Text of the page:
Delivered by Ambassador Ihor Prokopchuk, Permanent Representative of Ukraine to the International Organizations in Vienna, to the 1144th meeting of the OSCE Permanent Council, 4 May 2017
Marking the World Press Freedom Day, we wish to emphasize the critical importance of free media for the development of a democratic, pluralistic and prosperous society.
Ukraine is strongly committed to implementation of respective OSCE commitments and takes consistent steps to improve the environment for free media. Let me mention, in particular, the transformation of the country’s state radio and television companies into a public broadcaster, reduction of state influence in the print sector through launching privatization of hundreds of print outlets, many of them regional and municipal newspapers, enactment of legislation on disclosure of identities of media owners. Additional legislative measures have been taken to strengthen the safety of journalists and remove impediments in their work. The Ukrainian authorities co-operate closely with the OSCE Representative on Freedom of the Media making use of valuable expertise and assistance in enhancing the implementation of relevant commitments.
In this light we are pleased to note that, for a consecutive year, in the 2017 World Press Freedom Index, published last month by the respected international NGO “Reporters without Borders”, Ukraine again raised in the table, this time by 5 notches compared to 2016 report. As the “Reporters without Borders” point out that “since the 2014 Revolution of Dignity, the Ukrainian authorities have adopted a number of reforms, including media ownership transparency and access to state-held information”, the independent organization “Freedom House” emphasizes in its Freedom of the Press 2017 report that “Ukraine’s media environment has significantly improved since a change in government in 2014, and ongoing reforms continue to strengthen the legislative environment for journalists and outlets”. These independent assessments mark important progress already achieved by Ukraine and also serve as an incentive to continue focused efforts in enhancing the media freedom in the country.
However, there are two parts of Ukraine that experience severe restrictions on media freedom and clamp-down on free journalism, including harassment and violence against journalists. These parts are the Autonomous Republic of Crimea and certain areas of Donbas, illegally occupied by Russia and Russia-backed illegal armed formations. Systematic and massive abuses of the fundamental human rights and freedoms in these areas are concealed from the international community by deliberate policies aimed at intimidating and terminating the activities of independent mass-media and journalists. The journalists, who dare to report differently from the position of the occupation authorities, are harassed, detained and interrogated. The mentioned Freedom House report “Freedom of the Press 2017” gave the occupied Crimea the fourth (out of 66) worst result with 94 total score out of 100, 100 being the least free. The Russian hybrid forces prevent access of independent mass media and journalists to the certain areas of Donetsk and Luhansk regions and continue violence against the press and attacks on media professionals.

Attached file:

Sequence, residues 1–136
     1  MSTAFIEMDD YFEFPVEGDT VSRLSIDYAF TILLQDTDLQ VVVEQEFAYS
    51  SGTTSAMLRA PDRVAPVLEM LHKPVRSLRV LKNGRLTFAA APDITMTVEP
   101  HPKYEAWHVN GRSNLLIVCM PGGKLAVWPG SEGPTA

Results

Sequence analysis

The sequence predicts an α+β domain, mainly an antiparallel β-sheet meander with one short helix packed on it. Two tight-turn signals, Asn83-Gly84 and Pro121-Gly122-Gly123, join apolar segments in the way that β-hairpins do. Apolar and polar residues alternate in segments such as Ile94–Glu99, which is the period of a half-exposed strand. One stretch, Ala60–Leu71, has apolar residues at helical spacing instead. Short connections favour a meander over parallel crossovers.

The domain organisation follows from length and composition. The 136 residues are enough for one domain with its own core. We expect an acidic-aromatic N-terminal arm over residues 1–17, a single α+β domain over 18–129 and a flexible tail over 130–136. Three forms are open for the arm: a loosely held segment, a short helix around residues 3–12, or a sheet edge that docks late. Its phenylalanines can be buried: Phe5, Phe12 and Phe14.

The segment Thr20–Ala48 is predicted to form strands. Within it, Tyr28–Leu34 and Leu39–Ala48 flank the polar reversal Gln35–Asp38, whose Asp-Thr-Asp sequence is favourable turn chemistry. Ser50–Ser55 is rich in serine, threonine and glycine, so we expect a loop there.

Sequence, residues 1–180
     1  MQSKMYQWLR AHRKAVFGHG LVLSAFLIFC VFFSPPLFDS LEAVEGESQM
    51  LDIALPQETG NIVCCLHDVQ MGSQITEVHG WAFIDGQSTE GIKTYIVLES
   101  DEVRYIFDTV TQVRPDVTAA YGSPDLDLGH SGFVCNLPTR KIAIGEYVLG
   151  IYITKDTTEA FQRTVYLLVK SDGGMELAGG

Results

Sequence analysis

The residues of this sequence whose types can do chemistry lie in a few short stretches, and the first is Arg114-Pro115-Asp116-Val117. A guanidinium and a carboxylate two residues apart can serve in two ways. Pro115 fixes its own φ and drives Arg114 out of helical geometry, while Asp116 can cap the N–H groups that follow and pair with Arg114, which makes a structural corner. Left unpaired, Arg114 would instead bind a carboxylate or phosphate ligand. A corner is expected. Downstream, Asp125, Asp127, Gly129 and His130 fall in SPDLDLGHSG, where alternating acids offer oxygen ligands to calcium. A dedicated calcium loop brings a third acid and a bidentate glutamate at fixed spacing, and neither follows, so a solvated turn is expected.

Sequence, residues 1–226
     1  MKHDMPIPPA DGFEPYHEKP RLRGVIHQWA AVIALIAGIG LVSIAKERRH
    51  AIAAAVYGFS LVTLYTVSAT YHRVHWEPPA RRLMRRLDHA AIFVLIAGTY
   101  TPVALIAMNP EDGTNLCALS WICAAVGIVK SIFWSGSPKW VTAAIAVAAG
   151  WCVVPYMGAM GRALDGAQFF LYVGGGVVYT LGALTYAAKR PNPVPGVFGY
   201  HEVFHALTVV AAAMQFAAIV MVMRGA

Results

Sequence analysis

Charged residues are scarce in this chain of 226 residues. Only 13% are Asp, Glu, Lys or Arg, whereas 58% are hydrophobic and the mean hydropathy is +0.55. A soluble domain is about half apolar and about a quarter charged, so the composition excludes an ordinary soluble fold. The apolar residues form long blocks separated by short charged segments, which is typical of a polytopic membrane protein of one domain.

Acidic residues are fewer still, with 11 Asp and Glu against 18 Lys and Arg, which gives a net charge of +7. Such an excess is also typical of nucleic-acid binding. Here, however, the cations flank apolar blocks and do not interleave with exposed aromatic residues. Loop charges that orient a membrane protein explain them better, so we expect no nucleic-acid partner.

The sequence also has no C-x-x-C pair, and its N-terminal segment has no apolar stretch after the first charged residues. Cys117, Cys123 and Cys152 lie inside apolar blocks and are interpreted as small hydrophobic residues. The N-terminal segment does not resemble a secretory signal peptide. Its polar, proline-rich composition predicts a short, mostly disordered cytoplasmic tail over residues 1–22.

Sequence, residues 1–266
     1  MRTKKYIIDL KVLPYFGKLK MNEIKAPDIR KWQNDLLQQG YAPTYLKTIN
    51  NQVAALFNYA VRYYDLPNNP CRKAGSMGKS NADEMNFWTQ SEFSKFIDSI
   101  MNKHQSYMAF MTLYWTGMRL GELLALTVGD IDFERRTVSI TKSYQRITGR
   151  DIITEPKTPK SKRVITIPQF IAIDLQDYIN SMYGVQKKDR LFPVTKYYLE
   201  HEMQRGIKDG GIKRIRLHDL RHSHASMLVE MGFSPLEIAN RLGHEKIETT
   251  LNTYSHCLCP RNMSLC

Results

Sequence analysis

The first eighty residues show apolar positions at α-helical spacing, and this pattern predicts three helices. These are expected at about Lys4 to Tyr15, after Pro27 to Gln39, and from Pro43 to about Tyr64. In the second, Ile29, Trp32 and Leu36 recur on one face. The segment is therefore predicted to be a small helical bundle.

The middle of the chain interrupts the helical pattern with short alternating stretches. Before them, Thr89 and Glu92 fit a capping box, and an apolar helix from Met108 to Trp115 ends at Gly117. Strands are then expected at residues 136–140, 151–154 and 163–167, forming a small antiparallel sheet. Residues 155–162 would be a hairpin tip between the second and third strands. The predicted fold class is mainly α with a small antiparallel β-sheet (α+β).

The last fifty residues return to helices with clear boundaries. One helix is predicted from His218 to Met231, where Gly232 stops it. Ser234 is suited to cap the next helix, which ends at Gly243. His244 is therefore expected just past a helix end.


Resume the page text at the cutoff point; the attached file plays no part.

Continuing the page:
We condemn Russia’s brutal persecution of Ukrainian journalists – Mykola Semena in the occupied Crimea and Roman Sushchenko in Moscow as both of them have been placed behind bars under fabricated charges. We demand their immediate release and call on the OSCE Chairmanship, Institutions and the participating States to use in full the available possibilities to secure their release.
We remain deeply concerned about a massive campaign of propaganda and incitement of hatred against Ukraine and Ukrainians, perpetrated by Russia’s state-owned media and public figures, which has played a significant role in fuelling Russia’s aggression against Ukraine and the conflict in Donbas. While significantly reducing the space for independent and pluralistic media, the Russian authorities strengthened the grip over state-owned media transforming them into powerful instruments of state-driven propaganda. As the “Reporters without Borders” point out in their 2017 report, “with draconian laws and website blocking, the pressure on independent media has grown steadily since Vladimir Putin’s return to the Kremlin in 2012. Leading independent news outlets have either been brought under control or throttled out of existence. As TV channels continue to inundate viewers with propaganda, the climate has become increasingly oppressive for those who try to maintain quality journalism or question the new patriotic and neo-conservative narratives. The oppressive climate at the national level encourages powerful provincial officials far from Moscow to crack down even harder on their media critics.” This independent assessment by media professionals, together with others, of the extremely worrisome situation in Russia must foster the OSCE’s constant attention to the serious failures of this country to observe its OSCE commitments, in particular on media freedom and pluralism. Russia’s clear departure from OSCE commitments threatens peace, stability and social cohesion beyond the borders of Russia.
Thank you, Mr. Chairperson.